The crisis in Gaza
Sir, – The rather naive solution to the conflict in Gaza offered by Prof John Kelly (Letters, July 24th) leaves one speechless. It demonstrates a partisan approach to the conflict, rooted in disregard for the facts and characterised by double standards. Israel kills civilians and it is committing war crimes, Hamas fire rockets indiscriminately into Israel to kill and maim and uses civilians in Gaza as shields and it is merely defending itself.
The “root cause” of the terrible situation in Gaza would not be addressed by granting the people of both Palestine and Gaza the right to have their own governments and to travel within and out of their territories. While the two-state solution is the only viable long-term one, the root cause of failed negotiations is Hamas and its refusal to recognise, and exist alongside, the state of Israel.
The Hamas charter categorically rejects the two-state solution, a position promoted by Hamas officials but conveniently ignored by most critics of Israel. Hamas does not want to coexist; first and foremost it wants to see the destruction of the state of Israel. Israel has a right to exist and defend itself and while it is tragic that civilians in Gaza are suffering, a significant proportion of responsibility and blame for the death toll must rest with Hamas.
To claim that Hamas’s actions are “more minor” also shows ignorance and a total disregard of the suffering experienced by most Israelis. This is not a one-sided conflict. The fact that fewer Israelis have been killed is not due to “ineffective” rockets but largely to Israel’s capability to protect itself and the value it places on life. Perhaps it would be more agreeable to many critics of Israel if the body count there was much higher.
Hamas has proven time and time again that it has little regard for the welfare of the people of Gaza. There is ample evidence that it is using hospitals, residential areas and schools as platforms for attacks but I see very little condemnation from the media, the UN or those groups who claim to have the welfare of Palestinians at heart. I find it ironic that Prof Kelly calls for a recognition by Israel to afford the same “freedoms” to the Palestinians. Hamas administers Gaza through terror, corruption and intimidation with little regard for life, equality and religious tolerance. Until this is addressed the battles will indeed continue. – Yours, etc,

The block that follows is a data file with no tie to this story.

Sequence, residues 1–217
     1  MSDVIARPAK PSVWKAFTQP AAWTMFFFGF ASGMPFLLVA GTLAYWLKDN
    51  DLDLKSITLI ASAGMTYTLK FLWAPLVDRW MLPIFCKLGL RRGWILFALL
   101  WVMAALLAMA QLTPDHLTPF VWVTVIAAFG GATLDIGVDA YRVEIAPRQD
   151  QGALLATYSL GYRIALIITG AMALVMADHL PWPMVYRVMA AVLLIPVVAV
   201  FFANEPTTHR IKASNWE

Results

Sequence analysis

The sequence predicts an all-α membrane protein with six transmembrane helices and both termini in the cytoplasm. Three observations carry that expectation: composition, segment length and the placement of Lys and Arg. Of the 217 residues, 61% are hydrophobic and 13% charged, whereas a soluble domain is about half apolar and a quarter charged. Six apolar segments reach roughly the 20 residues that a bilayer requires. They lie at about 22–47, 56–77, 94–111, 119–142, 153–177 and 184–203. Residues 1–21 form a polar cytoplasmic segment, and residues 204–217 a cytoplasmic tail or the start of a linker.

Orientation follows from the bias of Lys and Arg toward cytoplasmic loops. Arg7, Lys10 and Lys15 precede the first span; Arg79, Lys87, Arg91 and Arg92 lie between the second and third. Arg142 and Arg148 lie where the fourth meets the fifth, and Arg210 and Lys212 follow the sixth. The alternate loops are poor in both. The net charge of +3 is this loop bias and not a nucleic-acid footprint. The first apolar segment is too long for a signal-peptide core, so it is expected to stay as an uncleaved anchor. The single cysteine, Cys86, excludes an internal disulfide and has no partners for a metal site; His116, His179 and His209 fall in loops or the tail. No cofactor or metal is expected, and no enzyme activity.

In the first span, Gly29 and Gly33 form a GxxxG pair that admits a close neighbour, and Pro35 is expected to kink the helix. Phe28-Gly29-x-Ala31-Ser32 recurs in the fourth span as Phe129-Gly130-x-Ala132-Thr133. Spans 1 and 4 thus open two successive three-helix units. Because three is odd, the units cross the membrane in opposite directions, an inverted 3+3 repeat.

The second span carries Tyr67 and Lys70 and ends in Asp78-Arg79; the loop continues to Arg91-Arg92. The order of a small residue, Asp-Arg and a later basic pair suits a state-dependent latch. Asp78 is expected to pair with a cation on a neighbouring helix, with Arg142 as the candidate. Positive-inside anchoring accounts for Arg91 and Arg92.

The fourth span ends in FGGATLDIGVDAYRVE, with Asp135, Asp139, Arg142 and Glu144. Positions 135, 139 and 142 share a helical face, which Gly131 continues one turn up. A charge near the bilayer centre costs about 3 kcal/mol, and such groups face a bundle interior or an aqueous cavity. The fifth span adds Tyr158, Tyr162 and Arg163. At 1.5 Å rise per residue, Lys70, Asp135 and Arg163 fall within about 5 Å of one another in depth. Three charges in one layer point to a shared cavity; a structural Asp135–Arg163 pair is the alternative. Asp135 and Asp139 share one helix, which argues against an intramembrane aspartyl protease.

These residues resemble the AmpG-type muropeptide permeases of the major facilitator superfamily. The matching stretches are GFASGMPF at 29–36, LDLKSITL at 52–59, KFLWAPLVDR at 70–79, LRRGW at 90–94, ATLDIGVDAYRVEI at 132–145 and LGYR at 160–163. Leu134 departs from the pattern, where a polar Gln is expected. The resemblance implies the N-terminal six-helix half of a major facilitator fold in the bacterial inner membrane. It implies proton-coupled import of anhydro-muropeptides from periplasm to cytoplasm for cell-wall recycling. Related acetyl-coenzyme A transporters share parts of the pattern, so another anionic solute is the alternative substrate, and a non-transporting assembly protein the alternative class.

Kimmage Road Lower
Sir, – As the carnage in Gaza continues, Unicef reports the deaths of 121 children, with more than 900 injured (Irish Times report, July 23rd). This is truly a shocking statistic.You quote the spokesman for the UN office for the Co-ordination of Humanitarian Affairs, Jens Laerke, as saying “There is literally no safe place for civilians.”
The collective punishment of the civilian population of Gaza by Israel is wrong. The conflict will never be resolved by inflicting such trauma on civilians.It is time for the international community to take a stand against the killing of innocent civilians in Gaza, especially children. The words of the humanistic philosopher Eric Fromm seem very appropriate at this time: “Love of one’s country that is not part of one’s love for humanity is not love, but idolatrous worship.” – Yours, etc,
TOMAS Ó MEACHAIR,
Ráithín an Róistigh,
Co Cill Channaigh
Sir, – When the current flare-up of the Hamas/Israeli conflict ends, the only thing achieved will have been a great loss of life. Sadly, many of those killed would have been oblivious as to whether they were Palestinian or Israeli simply because they would have been too young to know. The reckless killing and targeting of innocents is at all times morally bankrupt. Only the body count distinguishes between the indiscriminate targeting of civilians by Hamas (technology nullifies their more deadly intent) and Israel’s ineffectual “pinpointing” of targets in Gaza where the death tally is 80 per cent civilian. We continue with our lives as usual while this chaos carries on not far from the border of an EU country. Yours, etc,
A chara, – One only has to look at the actions of the man considered the father of Irish foreign policy, Frank Aiken, in the 1950s and 1960s to see how subservient our government has become to other countries. Aiken vigorously supported the rights of small nations to self-determination and supported the liberation of African nations from Western colonisers when, broadly speaking, this stance went against how the Western world saw it. As Desmond Tutu famously said: “If you are neutral in situations of injustice, you have chosen the side of the oppressor.” Our government decided yesterday that there shouldn’t be an inquiry into Israel’s actions against the Palestinian people. I wonder what Frank Aiken would have done? – Is mise,